This growth obviously comes with challenges, considering the product you deal with. How do you manage this?
We've invested considerably in the capacity of the business, in terms of back-end infrastructure. It give the business a huge lift, I mean, growth feels great. It makes us want to work harder, and so we just have to manage that growth with infrastructure. The next milestone for us is 100,000 subscribers, and then 300,000, and then we'll get to the point of being like a mini-Foxtel or something.
You say you want to gain a target number of subscribers before pursuing profit, are you frustrated it's taken this long?
Things always take longer than you expect. I think as the business builds, things get easier and then you just move on from that. It sort of grows itself after a while.
How will this growth change your marketing? Are you going to ramp anything up?
We're an online business, and we are content driven, so that's what we're using, and really the content does the marketing for us. Our customers evangalise the service, and there's a virtue of word-of-mouth here that's really helped us. And then we have deals with other brands, like with Panasonic and Nescafe. But if we have happy customers, both of these methods will keep fuelling our growth.
One of the biggest changes in your industry has been the introduction of vending machines, like Oovie. How does Quickflix sit next to those types of offerings?
I think Quickflix first and foremast is about range. We have over 42,000 titles, and the convenience of sending that straight to your home. A kiosk is a different kind of business. It's a much narrower range, constrained by the carousel in the machine, and you're looking at about 50 titles or often less. Of course it obviously has its advantages, convenience in a supermarket situation being one of those.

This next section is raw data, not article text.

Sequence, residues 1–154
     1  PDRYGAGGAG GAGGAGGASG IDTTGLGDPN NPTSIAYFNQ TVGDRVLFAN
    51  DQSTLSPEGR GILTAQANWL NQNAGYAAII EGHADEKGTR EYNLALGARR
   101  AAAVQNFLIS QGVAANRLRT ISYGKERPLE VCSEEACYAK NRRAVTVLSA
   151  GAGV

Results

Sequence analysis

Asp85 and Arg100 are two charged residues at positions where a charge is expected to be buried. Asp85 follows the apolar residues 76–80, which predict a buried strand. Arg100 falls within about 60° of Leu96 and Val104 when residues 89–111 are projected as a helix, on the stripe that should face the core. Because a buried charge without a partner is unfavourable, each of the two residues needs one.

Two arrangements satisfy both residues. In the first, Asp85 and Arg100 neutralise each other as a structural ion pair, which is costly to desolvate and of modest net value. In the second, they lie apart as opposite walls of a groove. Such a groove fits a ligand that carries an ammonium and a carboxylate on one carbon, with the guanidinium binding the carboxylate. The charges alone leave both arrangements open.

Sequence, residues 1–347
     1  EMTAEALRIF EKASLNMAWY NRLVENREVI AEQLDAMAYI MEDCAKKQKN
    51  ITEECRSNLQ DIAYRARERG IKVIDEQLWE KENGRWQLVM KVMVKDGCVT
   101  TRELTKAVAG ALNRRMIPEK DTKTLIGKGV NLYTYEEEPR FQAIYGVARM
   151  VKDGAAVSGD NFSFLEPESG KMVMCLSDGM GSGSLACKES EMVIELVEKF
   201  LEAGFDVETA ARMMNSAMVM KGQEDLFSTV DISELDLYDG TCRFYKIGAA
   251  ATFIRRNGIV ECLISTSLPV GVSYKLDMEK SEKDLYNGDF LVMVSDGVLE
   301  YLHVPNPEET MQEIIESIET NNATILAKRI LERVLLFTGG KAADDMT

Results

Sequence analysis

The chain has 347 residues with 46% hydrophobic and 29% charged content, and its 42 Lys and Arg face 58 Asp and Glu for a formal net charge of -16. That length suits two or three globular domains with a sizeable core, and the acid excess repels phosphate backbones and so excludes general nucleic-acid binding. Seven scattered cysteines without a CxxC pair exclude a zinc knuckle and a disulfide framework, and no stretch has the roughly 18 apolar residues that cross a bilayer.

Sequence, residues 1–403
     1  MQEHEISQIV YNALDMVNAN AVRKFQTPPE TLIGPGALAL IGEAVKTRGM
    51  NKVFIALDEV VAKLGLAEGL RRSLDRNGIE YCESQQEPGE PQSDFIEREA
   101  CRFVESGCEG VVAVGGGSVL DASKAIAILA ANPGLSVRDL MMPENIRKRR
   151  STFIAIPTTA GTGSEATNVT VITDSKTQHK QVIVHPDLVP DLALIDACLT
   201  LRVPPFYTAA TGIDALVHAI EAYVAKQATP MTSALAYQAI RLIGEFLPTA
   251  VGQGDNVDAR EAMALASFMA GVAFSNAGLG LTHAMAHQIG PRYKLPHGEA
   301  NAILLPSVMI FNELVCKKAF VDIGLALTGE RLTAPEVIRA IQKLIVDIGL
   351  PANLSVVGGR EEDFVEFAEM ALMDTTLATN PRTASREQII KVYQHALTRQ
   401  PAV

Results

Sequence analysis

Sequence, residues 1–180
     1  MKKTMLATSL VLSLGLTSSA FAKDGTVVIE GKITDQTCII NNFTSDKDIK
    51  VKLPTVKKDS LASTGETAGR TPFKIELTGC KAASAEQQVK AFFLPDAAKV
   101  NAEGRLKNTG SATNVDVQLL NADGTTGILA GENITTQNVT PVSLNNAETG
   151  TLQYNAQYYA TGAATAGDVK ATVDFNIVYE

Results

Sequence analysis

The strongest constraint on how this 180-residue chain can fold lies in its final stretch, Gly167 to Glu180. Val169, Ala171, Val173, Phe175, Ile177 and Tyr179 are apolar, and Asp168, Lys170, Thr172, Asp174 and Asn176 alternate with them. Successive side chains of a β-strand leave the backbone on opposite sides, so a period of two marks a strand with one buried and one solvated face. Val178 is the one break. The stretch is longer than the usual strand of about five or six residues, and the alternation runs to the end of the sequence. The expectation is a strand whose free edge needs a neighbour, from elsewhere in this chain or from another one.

But we think people like Quickflix because it gives them that variety of choice. This is true in the US market as well, look at the success of Netflix and the decline of people buying DVDs. Rental has increased and that's largely attributable to Netflix.
For other companies struggling with handling growth, what advice would you have?
I really think you've got to stick your metrics, and you need insight, first and foremost, into what it is you're offering. Once you know what that is, you're able to manage that growth properly. If you don't know what your product is, you'll focus on improving the wrong thing and then customers will turn away. Know the economics of your business extremely well, know the cost of acquiring the next customer and stick to your metrics.
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Work on your business, not in it
Also see :
* Quickflix records 10,000 new subscribers in three weeks
* Quickflix subscriber numbers soar 68%, but profit still some way off
* iPhone App of the Week: Quickflix
* Blockbuster on the edge of bankruptcy in the US, but Australian operations safe
* Simon Baker